Our hearts are broken for what happened in Belgium. No words can make it hurt less for those involved and those around the world.
We wanted to share reflective prayer stations that we have written in times of disaster, which have been edited to help people of all ages to think through and prayerfully reflect on this terror attack.
Feel free to use these in your own congregations, homes, and wherever else you might see fit.
Each station has a "set-up" explanation page and then a second page to print out as instructions for those going through the prayer stations in a self-guided form.
Below is a link to an editable word file or a .pdf.
Let us know if you have any questions.
-Chris and Joanna
There has been a lot of focus on millennials of late, and the biggest reason the church is talking about them is because statistically they aren’t GOING to church.
Before I go any further, I want to clarify that being in a church building or an official member of a local congregation is not a requirement to BE the Church, but GOING to Church used to be the clear marker. The Church, especially in the west, for too long has equated church attendance and membership to faith. Essentially: If someone attends church then they must be a ‘better’ person than someone who doesn’t. The problem is that church attendance and membership doesn’t perfectly equate to faith or “good.”
I was out to dinner last night and saw a family praying before their meal together, and as soon as they said “amen”, the dad yelled at a daughter about how her chair was positioned. Seeing this made a seemingly meaningful moment feel cheap. I think this is just a small example of why many millennials have passed on Church. They have examined the fruits of the church community that they know and have found the Church wanting.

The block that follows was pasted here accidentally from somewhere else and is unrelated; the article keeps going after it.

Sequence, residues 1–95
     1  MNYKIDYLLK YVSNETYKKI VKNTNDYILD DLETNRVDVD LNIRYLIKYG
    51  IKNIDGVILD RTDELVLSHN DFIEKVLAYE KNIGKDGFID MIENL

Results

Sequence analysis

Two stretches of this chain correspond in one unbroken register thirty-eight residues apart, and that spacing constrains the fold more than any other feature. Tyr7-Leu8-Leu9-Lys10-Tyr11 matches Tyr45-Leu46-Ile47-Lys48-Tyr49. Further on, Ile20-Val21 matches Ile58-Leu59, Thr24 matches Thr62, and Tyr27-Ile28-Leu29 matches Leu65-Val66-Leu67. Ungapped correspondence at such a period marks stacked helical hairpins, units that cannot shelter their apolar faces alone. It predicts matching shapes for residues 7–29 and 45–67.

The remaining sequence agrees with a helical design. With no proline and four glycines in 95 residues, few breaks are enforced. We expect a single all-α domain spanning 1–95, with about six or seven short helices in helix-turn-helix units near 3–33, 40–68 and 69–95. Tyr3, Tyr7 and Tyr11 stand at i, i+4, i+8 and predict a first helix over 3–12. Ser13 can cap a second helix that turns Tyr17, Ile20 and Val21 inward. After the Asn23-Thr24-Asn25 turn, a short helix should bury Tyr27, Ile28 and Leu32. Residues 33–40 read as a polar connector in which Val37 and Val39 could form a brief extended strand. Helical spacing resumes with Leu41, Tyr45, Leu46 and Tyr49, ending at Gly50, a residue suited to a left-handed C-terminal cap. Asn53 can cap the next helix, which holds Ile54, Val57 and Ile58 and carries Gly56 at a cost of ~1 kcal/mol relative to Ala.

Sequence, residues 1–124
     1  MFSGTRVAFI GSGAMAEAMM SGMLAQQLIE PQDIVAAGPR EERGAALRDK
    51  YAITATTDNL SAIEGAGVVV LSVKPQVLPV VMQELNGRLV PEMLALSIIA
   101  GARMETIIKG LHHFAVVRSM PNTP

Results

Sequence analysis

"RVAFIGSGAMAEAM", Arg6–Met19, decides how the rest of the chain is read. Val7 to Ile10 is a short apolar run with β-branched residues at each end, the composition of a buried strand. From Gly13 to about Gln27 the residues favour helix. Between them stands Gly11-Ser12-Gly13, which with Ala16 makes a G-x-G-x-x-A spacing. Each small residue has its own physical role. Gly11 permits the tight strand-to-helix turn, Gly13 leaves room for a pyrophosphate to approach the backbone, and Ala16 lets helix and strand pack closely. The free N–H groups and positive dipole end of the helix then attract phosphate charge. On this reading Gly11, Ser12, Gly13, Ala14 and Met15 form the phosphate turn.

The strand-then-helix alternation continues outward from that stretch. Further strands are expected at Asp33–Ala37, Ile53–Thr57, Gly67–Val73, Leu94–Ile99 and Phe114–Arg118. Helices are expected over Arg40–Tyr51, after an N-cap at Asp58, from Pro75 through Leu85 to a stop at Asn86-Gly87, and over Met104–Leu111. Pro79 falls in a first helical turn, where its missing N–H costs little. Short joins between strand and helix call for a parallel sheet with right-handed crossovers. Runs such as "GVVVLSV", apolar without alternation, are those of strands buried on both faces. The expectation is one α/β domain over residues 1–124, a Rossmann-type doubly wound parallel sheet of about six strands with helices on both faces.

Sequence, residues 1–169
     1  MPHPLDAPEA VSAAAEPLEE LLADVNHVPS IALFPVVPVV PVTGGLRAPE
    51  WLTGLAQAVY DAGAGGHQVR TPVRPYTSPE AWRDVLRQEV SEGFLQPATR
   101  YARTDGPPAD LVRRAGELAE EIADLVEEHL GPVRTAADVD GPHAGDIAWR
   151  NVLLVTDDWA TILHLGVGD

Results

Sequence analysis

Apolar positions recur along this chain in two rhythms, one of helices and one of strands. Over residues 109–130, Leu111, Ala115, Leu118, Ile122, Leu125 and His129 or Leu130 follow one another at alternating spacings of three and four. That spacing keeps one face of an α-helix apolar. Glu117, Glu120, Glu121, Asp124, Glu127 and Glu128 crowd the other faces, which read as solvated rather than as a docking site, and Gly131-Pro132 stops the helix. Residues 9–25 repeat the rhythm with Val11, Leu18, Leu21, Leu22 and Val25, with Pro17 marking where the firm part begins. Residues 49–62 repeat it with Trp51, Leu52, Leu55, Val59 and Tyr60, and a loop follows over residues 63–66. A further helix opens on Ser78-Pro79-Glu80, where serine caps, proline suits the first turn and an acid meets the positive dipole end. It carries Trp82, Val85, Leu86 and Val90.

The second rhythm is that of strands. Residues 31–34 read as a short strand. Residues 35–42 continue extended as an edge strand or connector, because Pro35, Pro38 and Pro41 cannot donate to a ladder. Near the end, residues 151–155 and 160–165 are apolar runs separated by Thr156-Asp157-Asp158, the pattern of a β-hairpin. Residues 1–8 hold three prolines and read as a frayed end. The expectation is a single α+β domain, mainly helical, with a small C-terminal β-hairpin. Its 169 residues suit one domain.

So then, is there any hope for the Church and millennials?
I think that the Church NEEDS millennials in order to no longer just survive, but to become more who Jesus calls the us to be, the Kingdom of God. We are missing an important rock that would provide better balance. This isn’t just a millennial thing or a filling a pew thing, but a desire for everyone to be a part of the Kingdom of God.
Here are a few reasons why I think that the Church needs millennials:
1. Millennials see beyond what currently is to what could be.
One of the reasons I love working with teens and young adults is that they have an amazing gift to see beyond what is. Maybe it is because life hasn’t beaten it out of them yet, or maybe it is because they haven’t been lulled to sleep by the monotonousness of work, home, tv, sleep, repeat. Whatever it is, I think that the church needs more of it. They need dreamers who can ask “What if?” and find where God is at work in the community and push the church to jump in.
2. Millennials demand answer to their “WHY?” and “We’ve always done it this way” doesn’t work.